# Are there solfege syllables for diminished and augmented imperfect intervals?

Sometimes it is necessary to name notes and intervals differently based on how they are functioning and I was curious if this idea caired over to solfege.

For example, the notes of a Co7 are C, Eb, Gb, and Bbb. The C would be Do, the Eb would be Me, and the Gb would be Se. Would there be a better way to describe the Bbb then La which would represent A, the enharmonic equivalent of Bbb?

• Isn't Me pronounced like "May"? – Basstickler Oct 3 '18 at 16:32
• @Basstickler Yes it is. – user45266 Oct 3 '18 at 17:23
• @Basstickler it's typically flatter than "May" since the y at the end tends to sharpen the pitch. – Dom Oct 3 '18 at 17:23

This depends in large part whether we're talking about "fixed do" or "movable do" solfege, so I'll answer from each perspective:

# Movable Do

In movable-do solfege, the syllables mark the scale degree rather than the absolute pitch of the note, so the syllables used will vary depending on the key in which the chord appears. In practice, diminished seventh chords will almost always be found as a vii°7, so the top note of the diminished seventh is actually a minor sixth relative to the tonic (do). Thus, it would take the syllable "le".

For example: C°7 in practice is likely to appear in the key of Db, and since Db is then "do", the notes of the chord (C, Eb, Gb, Bbb) would be "ti", "re", "fa", and "le", respectively. You'll find that other common roots for diminished sevenths (sharp second, sharp sixth) also work out in a similar way without requiring any new solfege syllables.

# Fixed Do

Traditionally, in fixed-do solfege each syllable simply names a note without regard to accidentals, so B, Bb, and Bbb would all be named "ti" (as would B sharp and double-sharp). In more recent practice, there are some systems designed to add chromatic names to fixed-do solfege. While I've never personally used any such system, Wikipedia gives an overview of a few different variants, with Bbb corresponding to "sef", "taw", or "tu", depending on which scheme is in use.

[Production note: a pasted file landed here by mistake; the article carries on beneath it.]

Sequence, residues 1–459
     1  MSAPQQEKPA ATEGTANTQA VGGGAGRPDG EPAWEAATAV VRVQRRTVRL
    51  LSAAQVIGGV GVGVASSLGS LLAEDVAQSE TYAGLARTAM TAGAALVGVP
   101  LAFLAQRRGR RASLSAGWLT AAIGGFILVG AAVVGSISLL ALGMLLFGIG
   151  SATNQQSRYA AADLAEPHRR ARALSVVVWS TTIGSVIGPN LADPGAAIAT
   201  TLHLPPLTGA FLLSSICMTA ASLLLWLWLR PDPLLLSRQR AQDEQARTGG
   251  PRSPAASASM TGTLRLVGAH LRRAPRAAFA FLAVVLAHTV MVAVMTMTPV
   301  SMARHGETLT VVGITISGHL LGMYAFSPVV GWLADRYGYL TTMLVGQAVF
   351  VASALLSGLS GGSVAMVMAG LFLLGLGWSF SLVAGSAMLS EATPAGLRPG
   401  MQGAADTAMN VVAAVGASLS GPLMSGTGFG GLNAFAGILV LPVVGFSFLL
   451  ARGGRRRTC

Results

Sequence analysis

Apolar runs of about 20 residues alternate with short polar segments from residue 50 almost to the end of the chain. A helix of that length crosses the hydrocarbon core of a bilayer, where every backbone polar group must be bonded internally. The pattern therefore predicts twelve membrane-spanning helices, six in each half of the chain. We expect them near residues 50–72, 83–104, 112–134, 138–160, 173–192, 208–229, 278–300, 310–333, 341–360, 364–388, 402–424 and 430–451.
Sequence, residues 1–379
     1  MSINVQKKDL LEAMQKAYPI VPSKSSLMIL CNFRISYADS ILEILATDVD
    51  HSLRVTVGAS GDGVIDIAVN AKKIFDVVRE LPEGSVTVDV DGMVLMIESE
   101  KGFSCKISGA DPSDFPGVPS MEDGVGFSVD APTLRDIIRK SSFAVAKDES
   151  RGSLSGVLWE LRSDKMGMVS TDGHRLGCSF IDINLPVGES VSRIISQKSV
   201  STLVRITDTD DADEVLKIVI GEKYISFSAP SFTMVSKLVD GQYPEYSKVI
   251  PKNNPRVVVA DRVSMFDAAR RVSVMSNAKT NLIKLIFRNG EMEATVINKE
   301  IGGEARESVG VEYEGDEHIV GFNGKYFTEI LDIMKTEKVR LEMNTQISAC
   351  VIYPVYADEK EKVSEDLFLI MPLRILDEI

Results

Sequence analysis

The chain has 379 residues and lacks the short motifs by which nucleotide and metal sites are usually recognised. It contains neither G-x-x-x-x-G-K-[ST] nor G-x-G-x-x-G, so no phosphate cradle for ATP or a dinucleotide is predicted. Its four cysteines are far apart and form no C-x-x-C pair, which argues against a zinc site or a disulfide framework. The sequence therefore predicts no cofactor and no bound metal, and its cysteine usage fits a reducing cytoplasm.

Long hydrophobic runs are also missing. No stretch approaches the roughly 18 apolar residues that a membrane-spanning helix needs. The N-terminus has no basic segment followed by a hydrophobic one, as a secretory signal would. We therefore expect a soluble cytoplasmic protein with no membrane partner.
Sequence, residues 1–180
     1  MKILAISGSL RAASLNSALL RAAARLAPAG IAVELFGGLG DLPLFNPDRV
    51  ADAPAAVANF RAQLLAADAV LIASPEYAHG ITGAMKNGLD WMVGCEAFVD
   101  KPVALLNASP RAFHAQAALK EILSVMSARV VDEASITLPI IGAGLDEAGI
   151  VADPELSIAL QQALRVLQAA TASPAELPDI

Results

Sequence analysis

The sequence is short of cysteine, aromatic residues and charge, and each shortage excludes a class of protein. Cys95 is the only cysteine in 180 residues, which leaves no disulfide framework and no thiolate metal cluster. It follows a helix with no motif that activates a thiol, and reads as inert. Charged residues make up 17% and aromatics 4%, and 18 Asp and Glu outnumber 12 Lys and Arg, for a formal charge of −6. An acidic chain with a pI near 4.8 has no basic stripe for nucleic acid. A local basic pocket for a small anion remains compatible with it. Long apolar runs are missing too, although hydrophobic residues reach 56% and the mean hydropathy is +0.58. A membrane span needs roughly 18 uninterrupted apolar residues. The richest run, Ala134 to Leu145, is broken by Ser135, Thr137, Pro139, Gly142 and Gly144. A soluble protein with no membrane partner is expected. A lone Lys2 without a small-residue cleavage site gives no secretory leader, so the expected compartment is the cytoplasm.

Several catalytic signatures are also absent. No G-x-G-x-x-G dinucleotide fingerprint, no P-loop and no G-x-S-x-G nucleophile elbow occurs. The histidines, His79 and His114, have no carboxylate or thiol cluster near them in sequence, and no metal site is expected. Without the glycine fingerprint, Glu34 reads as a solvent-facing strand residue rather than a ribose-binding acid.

• A diminished 7th is not equivalent to a minor 6th and that's not how fixed do works. Be would be Te not Ti. – Dom Jul 8 '15 at 1:31
• I think you misunderstand ... I'm not saying a diminished 7th is the same as a minor 6th, I'm saying that a diminished 7th above C is the same as a minor 6th above Db. It would be very rare in practice to see C°7 in the key of C, more likely in context it is a vii°7 in the key of Db, and with Db as "do", Bbb would be "le". – hopper Jul 8 '15 at 14:11
• Regarding fixed do, you must have been taught a differently than I was. Most articles I can find online support what I said; for example, this page says: "...in these countries fixed do solfège is taught, which means that the note names are sung regardless of key. Thus, C, C-sharp, C-flat, C double sharp or double flat are always do, no matter their harmonic context. Similarly, D, D-sharp, D-flat, D double sharp or double flat are always re, regardless of what key the music may be in." Do you have somewhere I can read about your version of fixed do? – hopper Jul 8 '15 at 14:20
• I would agree with hopper that the Bbb, in the context of Db, would be Le. – Basstickler Oct 3 '18 at 16:38
• hopper is right ... or Dom uses the fixed Do, but the he isn’t conform with French spelling at all. – Albrecht Hügli Mar 2 '19 at 22:15

My students and I just had this discussion in spelling fully diminshed seveths. We think the diminished seventh should be TA. Here's why, the flatted seventh is TE, if we make it a double-flatted seventh it makes sense to use TA. It stays in the the TI family and gives a direction towards LA.

• Makes sense when compared to Re being flatted, which is Ra. – Basstickler Oct 3 '18 at 16:34

Only in the absolute spelling (fixed Do) the syllables doremi are corresponding to the cdefg.

But in the relative spelling this tetrad c-eb-gb-bb is the VIIdim of Db (major or minor) and will be spelled ti-re-fa-le (or: se,ti,re,fa,le in Db-minor).

The seven syllables normally used for this practice in English-speaking countries are: do, re, mi, fa, sol, la, and ti (with sharpened notes of di, ri, fi, si, li and flattened notes of te, le, se, me, ra).

https://en.wikipedia.org/wiki/Solmization

also see:

Tonic sol-fa (or tonic sol-fah) is a pedagogical technique for teaching sight-singing, invented by Sarah Ann Glover (1785–1867) of Norwich, England and popularised by John Curwen who adapted it from a number of earlier musical systems. It uses a system of musical notation based on movable do solfège, whereby every tone is given a name according to its relationship with other tones in the key: the usual staff notation is replaced with anglicized solfège syllables (e.g. do, re, mi, fa, sol, la, ti, do) or their abbreviations (d, r, m, f, s, l, t, d). "Do" is chosen to be the tonic of whatever key is being used (thus the terminology moveable Do). The original solfège sequence started with "Ut" which later became "Do".

https://en.wikipedia.org/wiki/Tonic_sol-fa